Spoiler: I am in therapy.
After returning from an entire day dedicated to graduate student orientation and a therapy session, I drove to the grocery store and then drove home to make dinner with such wild abandon that I accidentally doubled the amount of garlic in my stir fry, causing my house to smell like Van Helsing’s stronghold.
I can guess what you are thinking — what anticlimactic event of my day led to this flurry of activity and, eventually, me passing out in my room with the lights on? Discovering that your eyeliner melted onto the top crease of my eyelid? Wearing dress pants for the vast majority of the day? Learning how to navigate an online grading system that I already knew about because I was an undergraduate student here? Nope, nope and nope.
My therapist told me that I had to drive and listen to music, by myself, for ten minutes and with no other purpose.
Let me back up a little here. I have been meeting with my therapists since January of this year — I’m going to call them Béla and Márta, because I was watching a documentary about the Károlyi’s on NBC at the gym. I was formally diagnosed with clinical depression and anxiety in December of this past year, and it took a lot for me to admit that 1) I needed long-term therapy and 2) that needing medication to manage my symptoms was necessary and good. Mental illness is not a part of many conversations in my life, but it is becoming increasingly relevant and I do not feel that it should negatively impact my experience with other people. Is it inherently relevant to my advisor in graduate school? Not currently. Is it relevant to my general interpretation of the world around me? Yes. I challenge anyone to tell me that this disclosure of my mental illness is any different from admitting a different chronic illness like Crohn’s disease or seasonal allergies.
Yesterday, only Márta was at my session. (I’m assuming Béla was in Brazil or something, being a mustachioed vision of Olympic glory or something.) After catching up with her about my current state of being, I informed her about my activities of the day before, which consisted of not leaving the house at all. Instead of going to the gym, I started making an incredibly thoughtful gift for my boyfriend, completed online CPR/AED and First Aid training, and watched an entire season of Teen Titans. That’s right, I’m starting graduate school in less than two weeks, and I couldn’t stop myself from camping out on the couch to find out if Cyborg was going to stay with the Titans.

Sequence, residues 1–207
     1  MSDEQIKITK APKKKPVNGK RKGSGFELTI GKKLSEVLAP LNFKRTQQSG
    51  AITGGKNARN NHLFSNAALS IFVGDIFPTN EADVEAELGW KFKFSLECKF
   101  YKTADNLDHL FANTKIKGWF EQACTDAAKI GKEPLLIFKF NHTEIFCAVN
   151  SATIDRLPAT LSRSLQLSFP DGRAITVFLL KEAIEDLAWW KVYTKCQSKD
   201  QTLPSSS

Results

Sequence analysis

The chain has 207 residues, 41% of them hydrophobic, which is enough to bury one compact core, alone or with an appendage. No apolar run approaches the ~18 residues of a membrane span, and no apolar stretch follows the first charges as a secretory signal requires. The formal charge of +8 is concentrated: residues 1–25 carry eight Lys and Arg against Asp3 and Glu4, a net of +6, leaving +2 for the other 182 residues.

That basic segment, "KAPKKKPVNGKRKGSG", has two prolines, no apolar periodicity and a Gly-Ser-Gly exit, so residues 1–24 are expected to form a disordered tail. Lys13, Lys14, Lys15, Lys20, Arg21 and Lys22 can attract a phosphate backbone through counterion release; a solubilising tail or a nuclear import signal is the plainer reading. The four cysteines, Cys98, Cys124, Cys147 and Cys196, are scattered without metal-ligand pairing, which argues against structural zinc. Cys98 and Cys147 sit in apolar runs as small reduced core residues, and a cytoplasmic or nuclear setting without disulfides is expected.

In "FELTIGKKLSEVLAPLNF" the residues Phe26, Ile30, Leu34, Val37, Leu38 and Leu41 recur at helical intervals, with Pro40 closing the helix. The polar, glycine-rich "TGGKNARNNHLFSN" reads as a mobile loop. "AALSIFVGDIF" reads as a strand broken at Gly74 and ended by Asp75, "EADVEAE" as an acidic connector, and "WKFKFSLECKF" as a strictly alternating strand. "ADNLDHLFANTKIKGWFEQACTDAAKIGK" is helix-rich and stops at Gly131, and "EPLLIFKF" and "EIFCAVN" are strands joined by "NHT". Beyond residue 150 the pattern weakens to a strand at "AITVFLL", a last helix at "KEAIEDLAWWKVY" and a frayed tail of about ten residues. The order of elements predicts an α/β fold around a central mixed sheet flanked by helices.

Márta looked at me with her usual inquisitive face, thoughtfully absorbing my general feelings of disappointment that I didn’t exercise or leave the house. To make a long story short, she helped me realize that I have serious hang ups about doing things that have no other purpose than being a relaxing activity just for me. If I can justify my leisure as serving some other meaning in my life, then it is fine — reading to learn more, watching TV to spend time with other people, working out at the gym to fight the anxiety that I feel about my body, it is all motivated by my need to provide purpose to everything that I do. And then, like any good Romanian gymnastics coach (my therapist is not Romanian), Márta challenged me to identify an activity that I find relaxing for no other reason than that it makes me feel good. Anything involving other people was out the window, and anything that ultimately had a justification other than personal entertainment did not count.
That activity turned out to be driving and listening to my music. I’m a dedicated sing & dance & drive enthusiast, and it’s a very fun and private time for me. And then, Márta told me that I need to try to do it for 20 minutes, without running errands, traveling anywhere, or anything else other than enjoying my time to myself.
I tried to negotiate with her — “What about driving to the library? I like the library?”
“No. Just drive. If you remember that you need tampons from CVS, you have to keep driving.”
*At this point, I have wrapped myself around a pillow and am sitting sideways in my armchair. Márta cannot see my face, and I am contorted and twisted physically as much as I feel mentally.*
“Just drive? What about when I drive to see my boyfriend? Does that count?”
*Realizing that I am not going to win this one, I unwind myself from my intestine-shaped ball and literally slide out of my chair and onto the floor. Márta is laughing, because this is pretty funny, and the chair almost falls onto me because I am obviously a professional comedian. I am now sitting on the floor, practically writhing with the difficulty of this assignment. Don’t worry, I’m fine. This is a funny sort of event; I’m not actually in a state of panic.*
I agreed to Márta’s terms, and promised to attempt this once before our session next week. She also got me to admit what was really at the heart of all of this for me: I fundamentally believe that if I am not busy or doing something valuable with my time, I also lack value. My accomplishments are very important to me, and losing time to accomplish things is terrifying to me. I’ve spent so much of my life motivated by many incarnations of my anxiety that I don’t really remember what it is like to do things for the sole purpose of wanting to do them for myself. Even writing this blog, while it is for me, helps me attain a certain amount of value with my time.
I will only say this: I’m learning that not everything I think about myself is true. I have watched myself change in the past eight months of therapy, and it has convinced me that I can jump this next hurdle of mine. And even if my therapists expose these new hurdles for me, at least I am seeing them for what they are.
Ever your Lady,
Challenged as F–k
P.S. If you are dealing with mental illness or have dealt with it in any capacity, I’m with you. Plain and simple. Your value lies in your being, past, present and future.